Sasol’s $1 billion (about R13.9 billion) gas extraction and pipeline project in Mozambique has delivered hardly any of the benefits it promised to the poor people of that country.
A report compiled in Mozambique, with the assistance of international aid organisation Oxfam, accuses Sasol of milking the country and failing to honour promises to share the wealth created by the project. Sasol has rejected the claims.
A scenic drive from Mozambique’s bustling and modern capital, Maputo, to the northeastern regions near Inhambane – where the roads are either gravel or riddled with potholes and where the towns are poorly lit at night – did little to reveal that this was the home of a state of the art multibillion-rand project.
Now, two financial reports suggest that South Africa is benefiting far more from it than thousands of Mozambicans, who still walk long distances from their homes to access borehole water, some of which has allegedly been contaminated by the gas project development.
In Mangungumete, the village closest to the gas plant, residents even went as far as protesting in 2014, demanding the government or Sasol make good on their promises that the project would provide them with a better life.
Laura Mahanyele, a 46-yearold woman and community leader, said residents relied largely on subsistence farming to survive as there were few permanent jobs that resulted from the project.
But even the little the villagers are able to produce from the soil seems to be under threat.
The communities affected by the project, which included the building of a massive pipeline from rural Temane to Secunda in Mpumalanga, were largely rural, and had little access to water and electricity.
The Centro de Integridade Publica (CIP), an anticorruption organisation, said the Pande-Temane natural gas exploration project had seen the South African multinational deliver only 7% of projected government revenue for the 25-year project.
This, the CIP attributed to inflated capital costs, operating costs and abusive transfer pricing practices on the part of Sasol.
Mozambique was recovering from a civil war, with scant financial resources and infrastructure, when the Petroleum Production Agreement (PPA) was signed in 2000.
It is now believed the skewed balance of power posed by the PPA meant that the Mozambique government could not force Sasol to make good on its promise to increase revenue for the country.
Taxes to the Mozambican government were paid by granting the state 5% of the gas produced and setting up social responsibility projects.
Just under 3% of the production tax was said to be allocated to the communities affected by the project – an amount which the local district authorities complained was far too little.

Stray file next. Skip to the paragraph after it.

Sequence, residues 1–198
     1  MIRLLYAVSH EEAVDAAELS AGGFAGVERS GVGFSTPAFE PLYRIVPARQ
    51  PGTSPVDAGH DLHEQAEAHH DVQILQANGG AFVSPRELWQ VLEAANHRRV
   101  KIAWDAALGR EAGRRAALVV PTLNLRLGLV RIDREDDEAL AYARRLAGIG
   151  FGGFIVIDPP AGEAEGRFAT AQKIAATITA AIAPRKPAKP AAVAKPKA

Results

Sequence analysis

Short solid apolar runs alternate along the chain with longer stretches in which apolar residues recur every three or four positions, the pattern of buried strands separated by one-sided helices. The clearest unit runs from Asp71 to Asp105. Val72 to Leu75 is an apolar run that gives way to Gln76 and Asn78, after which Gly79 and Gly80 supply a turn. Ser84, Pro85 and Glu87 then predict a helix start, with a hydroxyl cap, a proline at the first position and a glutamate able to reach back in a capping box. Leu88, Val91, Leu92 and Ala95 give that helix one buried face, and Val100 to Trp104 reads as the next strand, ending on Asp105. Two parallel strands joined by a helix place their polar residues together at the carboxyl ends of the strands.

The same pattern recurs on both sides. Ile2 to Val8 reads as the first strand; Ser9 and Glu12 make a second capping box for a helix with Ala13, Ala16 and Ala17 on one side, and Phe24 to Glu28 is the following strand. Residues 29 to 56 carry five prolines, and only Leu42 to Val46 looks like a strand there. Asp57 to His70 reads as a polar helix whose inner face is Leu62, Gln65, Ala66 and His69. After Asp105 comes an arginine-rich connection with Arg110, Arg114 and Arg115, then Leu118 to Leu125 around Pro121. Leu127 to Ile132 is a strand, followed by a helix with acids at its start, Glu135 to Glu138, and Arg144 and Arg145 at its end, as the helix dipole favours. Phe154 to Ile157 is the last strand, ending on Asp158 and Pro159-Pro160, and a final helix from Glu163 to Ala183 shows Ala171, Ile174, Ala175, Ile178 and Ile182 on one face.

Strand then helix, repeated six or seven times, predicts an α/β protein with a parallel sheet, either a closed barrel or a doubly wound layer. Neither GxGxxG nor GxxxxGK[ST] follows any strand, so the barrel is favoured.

The national government was in talks, however, with Sasol to renegotiate the terms of the original deal to increase the revenue made by government for the benefit of places like Mangungumete.
According to the national household survey conducted in 2008-2009, 54% of Mozambicans were living in absolute poverty, but this was down from a staggering 70% in 1997.
The vast majority of the rural population still lives on less than US$1.25 a day and lacks basic services such as access to potable water, health facilities and schools.
The CIP claimed the PPA was structured in such a way that the South African multinational was enriching itself while “milking” the Mozambican government.
Sasol Petroleum Temane (SPT), the entity which pays income tax to the Mozambican government, extracts and sells its gas to Sasol Petroleum International (SPI), which is registered in SA.
In 2016, Sasol said its cumulative contribution to the Mozambican government over the first 10 years was $616 million, while the contribution for the next 10 years was forecast at $3.5 billion.
According to the agreement, it was understood that after the first 10 years of exploration, the predicted increase in the production of natural gas and an agreement to liberalise the gas sales price, which was initially limited, would see a significant increase in government revenues. But the CIP said this did not materialise.
The official story, it said, was that the fall in international fuel prices thwarted the potential to allow liberal adjustment of the price of the extracted gas to significantly increase government revenue.
But the CIP believed that international markets were a minor factor as an explanation for not increasing the revenue of the government.
Sasol vehemently disputed the claims in the report, saying the research was inaccurate.
“We find the report published by the CIP to contain inaccuracies and creates unfounded perceptions regarding both inflation of costs and transfer prices.
“Sasol doesn’t charge the Mozambican government a handling and transportation fee and is not involved in the selling of royalty gas.” – email@example.com